Let’s Dismantle the Media’s Toxic Beauty Standards for Women

An op-ed by Lilly Nuck

Source: Centerforchange.com

Beauty. A lot of people define beauty in different ways. While some may consider the most beautiful things to be portrayed on the inside, others wholeheartedly believe that beauty is solely what is found on the outside. The true reason why many have come to believe this stems from beauty standards that were implemented into society tens of thousands of years ago in European countries. Although those extreme beauty standards are not as common in today’s day and age, there happens to be one thing that allows unrealistic ideas of beauty to continue to be depicted in our world: social media. The attention-grabbing ways of technology have attracted generations and introduces the toxic ideologies of what you have to look like and accomplish in life in order to be recognized as beautiful.

A woman’s beauty was all that she was seen for and the only way through which she could be respected or successful in life.

Even before the pressure-filled ways of the Internet and social media were introduced into our world, both the ideal “mind and body” credentials of a human being were pushed on young children, specifically women. For instance, according to CNN.com, statues representing women’s physiques date back to as early as 20,000 years ago. To be more specific, in one example in 1908 Austria, figurines were discovered that depicted “round, pear-shaped women’s bodies, many with large breasts.” This just further shows that women have been objectified since the beginning of time. A woman’s beauty was all that she was seen for and the only way through which she could be respected or successful in life. Society deemed a woman important for her perfectly proportionate and sculpted body rather than for her keen mind and cognitive abilities. 

Due to these unrealistic beliefs and expectations, women would put in strenuous amounts of time and effort morphing their bodies to fit the mold. Corsets, for example, helped sculpt and frame female figures, creating a thin waist and curves. 

Rolling into the 20th century, there was a dramatic shift in what was deemed as “beautiful.” Instead of having bold curves, society was in favor of women having a more slim, thin, and athletic physique–an idea that continues to remain in modern times to a certain degree. This dramatic change pushed women to believe that they needed to become ultra thin, which ultimately introduced issues such as eating disorders into our society. No matter what lengths a woman had to go through, she would do so in order to reach her prime and be accepted as a beautiful being.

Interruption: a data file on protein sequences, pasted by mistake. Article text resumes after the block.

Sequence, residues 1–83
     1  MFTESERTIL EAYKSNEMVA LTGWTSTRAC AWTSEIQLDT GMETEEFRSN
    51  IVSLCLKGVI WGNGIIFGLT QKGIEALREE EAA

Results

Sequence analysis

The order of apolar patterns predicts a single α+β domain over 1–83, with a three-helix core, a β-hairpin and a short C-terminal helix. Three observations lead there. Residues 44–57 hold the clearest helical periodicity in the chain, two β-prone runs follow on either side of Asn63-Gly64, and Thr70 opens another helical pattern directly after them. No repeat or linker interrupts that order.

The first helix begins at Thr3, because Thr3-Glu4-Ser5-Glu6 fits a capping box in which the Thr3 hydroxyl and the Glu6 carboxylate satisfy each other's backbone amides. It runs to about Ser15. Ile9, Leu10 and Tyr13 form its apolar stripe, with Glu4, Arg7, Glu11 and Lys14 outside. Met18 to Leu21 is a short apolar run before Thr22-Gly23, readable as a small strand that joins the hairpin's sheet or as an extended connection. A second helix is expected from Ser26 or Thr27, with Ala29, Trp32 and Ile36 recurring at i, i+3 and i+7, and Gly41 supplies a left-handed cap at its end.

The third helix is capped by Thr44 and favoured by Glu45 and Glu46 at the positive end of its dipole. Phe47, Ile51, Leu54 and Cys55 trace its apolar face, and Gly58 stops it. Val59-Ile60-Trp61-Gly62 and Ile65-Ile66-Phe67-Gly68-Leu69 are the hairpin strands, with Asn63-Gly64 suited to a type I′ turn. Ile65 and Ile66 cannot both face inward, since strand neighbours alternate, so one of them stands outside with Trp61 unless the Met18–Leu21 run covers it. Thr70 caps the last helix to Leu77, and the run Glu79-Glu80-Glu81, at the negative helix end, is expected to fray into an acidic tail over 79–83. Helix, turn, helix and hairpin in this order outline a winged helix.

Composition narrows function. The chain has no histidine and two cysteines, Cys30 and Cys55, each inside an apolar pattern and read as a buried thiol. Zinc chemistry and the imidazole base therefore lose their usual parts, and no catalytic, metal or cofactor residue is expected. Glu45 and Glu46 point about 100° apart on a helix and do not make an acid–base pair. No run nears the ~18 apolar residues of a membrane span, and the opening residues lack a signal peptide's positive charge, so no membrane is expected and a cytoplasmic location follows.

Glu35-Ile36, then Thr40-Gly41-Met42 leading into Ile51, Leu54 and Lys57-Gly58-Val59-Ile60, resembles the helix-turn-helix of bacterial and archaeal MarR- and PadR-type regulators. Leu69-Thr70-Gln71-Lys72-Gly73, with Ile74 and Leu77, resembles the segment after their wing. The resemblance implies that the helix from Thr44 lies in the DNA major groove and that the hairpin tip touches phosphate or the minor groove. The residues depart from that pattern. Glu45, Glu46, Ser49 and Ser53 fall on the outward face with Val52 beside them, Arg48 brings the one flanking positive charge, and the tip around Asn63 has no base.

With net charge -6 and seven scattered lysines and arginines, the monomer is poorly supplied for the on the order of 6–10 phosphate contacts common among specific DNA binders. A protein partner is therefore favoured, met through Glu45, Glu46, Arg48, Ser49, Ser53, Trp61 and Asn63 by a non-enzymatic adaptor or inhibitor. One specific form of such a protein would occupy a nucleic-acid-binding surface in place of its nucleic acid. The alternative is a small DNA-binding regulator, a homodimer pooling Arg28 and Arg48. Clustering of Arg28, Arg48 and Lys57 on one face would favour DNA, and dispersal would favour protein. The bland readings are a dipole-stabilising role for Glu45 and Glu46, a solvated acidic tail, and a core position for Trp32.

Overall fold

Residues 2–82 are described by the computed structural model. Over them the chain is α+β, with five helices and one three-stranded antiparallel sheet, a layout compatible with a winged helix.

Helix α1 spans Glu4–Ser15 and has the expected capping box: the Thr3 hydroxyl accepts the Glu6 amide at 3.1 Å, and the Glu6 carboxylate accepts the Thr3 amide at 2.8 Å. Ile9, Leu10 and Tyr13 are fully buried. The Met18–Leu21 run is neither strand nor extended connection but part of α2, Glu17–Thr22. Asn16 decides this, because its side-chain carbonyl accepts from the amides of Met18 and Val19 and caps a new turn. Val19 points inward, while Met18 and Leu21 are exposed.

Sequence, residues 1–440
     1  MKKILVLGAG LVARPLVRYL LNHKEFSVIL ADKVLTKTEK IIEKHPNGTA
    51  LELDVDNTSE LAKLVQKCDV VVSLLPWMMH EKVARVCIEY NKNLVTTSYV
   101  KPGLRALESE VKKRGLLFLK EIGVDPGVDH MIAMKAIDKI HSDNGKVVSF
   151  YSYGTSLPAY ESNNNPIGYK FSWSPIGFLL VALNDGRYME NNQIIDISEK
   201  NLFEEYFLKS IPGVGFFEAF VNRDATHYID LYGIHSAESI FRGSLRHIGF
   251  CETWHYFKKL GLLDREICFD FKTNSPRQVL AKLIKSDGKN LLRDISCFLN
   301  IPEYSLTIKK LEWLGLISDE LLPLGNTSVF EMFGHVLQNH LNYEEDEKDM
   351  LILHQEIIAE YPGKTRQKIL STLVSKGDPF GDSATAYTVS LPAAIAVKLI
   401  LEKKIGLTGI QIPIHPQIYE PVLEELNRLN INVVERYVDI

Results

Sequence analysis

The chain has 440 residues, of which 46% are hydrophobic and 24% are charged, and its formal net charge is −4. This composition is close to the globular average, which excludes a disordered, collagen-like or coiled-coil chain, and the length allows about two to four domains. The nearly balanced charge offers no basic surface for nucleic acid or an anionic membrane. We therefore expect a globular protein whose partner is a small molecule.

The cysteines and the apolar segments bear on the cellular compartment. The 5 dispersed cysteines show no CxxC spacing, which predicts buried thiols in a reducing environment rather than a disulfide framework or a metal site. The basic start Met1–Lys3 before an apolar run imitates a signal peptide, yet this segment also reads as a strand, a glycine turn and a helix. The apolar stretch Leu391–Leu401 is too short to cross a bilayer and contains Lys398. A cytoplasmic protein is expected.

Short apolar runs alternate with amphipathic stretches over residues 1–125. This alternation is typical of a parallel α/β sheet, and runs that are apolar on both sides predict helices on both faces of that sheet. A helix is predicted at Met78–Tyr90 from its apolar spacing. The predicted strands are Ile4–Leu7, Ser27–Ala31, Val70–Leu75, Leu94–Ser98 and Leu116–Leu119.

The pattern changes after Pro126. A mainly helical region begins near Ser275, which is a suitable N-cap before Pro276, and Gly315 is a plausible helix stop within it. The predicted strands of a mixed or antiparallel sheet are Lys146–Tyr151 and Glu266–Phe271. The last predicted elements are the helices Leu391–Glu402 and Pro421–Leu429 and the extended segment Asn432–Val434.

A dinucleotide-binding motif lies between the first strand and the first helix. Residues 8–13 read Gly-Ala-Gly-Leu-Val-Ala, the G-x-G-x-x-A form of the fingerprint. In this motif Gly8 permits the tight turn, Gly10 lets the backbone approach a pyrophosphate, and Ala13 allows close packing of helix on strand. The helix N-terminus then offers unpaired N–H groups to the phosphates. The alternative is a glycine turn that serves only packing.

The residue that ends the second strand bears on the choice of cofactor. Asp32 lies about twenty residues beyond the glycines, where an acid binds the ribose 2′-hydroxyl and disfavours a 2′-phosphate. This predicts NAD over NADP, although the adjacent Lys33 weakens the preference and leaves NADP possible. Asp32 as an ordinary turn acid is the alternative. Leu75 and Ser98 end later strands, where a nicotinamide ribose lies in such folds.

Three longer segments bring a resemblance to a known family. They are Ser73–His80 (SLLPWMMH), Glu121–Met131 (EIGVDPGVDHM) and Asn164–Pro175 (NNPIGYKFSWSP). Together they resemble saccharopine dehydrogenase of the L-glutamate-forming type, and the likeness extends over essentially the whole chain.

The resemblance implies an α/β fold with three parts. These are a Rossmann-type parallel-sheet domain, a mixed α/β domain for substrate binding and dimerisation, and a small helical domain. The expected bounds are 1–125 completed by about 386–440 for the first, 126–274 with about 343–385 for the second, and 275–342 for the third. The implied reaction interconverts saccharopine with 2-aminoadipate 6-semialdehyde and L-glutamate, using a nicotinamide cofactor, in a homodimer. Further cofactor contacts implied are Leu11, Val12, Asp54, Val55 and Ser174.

The bust-to-waist ratio of women fluctuated immensely throughout the bulk of the 1900s and lowered/dropped in correlation to what was portrayed in the media.

The bust-to-waist ratio of women fluctuated immensely throughout the bulk of the 1900s and lowered/dropped in correlation to what was portrayed in the media. Fashion models on the cover of magazines like Vogue were not seen for their trending fashion but rather for a trending body type. This just goes to show one more destructive example arising from an alarming ideology of appearance obsession that has been around for centuries.

This toxic way of thinking is one that has continued in our modern society. Every other TV commercial or advertisement promotes a product or membership for anti-aging, weight loss, how to get a toned physique, and countless other image-improving options. As if the now simplistic ways of television were not enough, the rapidly growing world of social media has created a large uproar in falsities associated with the idea of beauty.

For instance, the article “Social Media and Its Effects on Beauty” explains how social media triggers an array of mental health problems surrounding the idea of beauty. Social media as a whole has had a severe impact on “the perceptual, affective, cognitive, and behavioral aspects of body image [… ] .” Rather than using online platforms as a way to share memorable moments and breathtaking vacations, current generations have converted it to become a place that promotes the idea that appearance is everything. The most heart-wrenching reality is that while innocent girls idolize women who appear to have the perfect look, the “perfect” women could just be covering up their so-called “flaws” through the use of photo editing apps such as Adobe Photoshop and Facetune. Whether they use the app to tighten their face or erase a noticeable birthmark, the app allows them to cover up whatever insecurities they want, creating the forever unattainable illusion of perfection.

The most beautiful of people are the ones who encompass traits such as pure kindness, compassion, empathy, patience, and generosity.

The thing that children, women, men, and people of all ages need to understand is that there never will be a concrete definition of beauty. Beauty is so much more than what appears to the eye. The most beautiful of people are the ones who encompass traits such as pure kindness, compassion, empathy, patience, and generosity. So while there is nothing wrong with complimenting a woman on her external beauty, remember that it is not all she is. Remember that she is a person who deserves to have no judgement and be accepted for who she truly is, imperfections and all. All in all, society must change its thought process and begin to embrace the ways that we are different. The only true standard of beauty should be diversity.  

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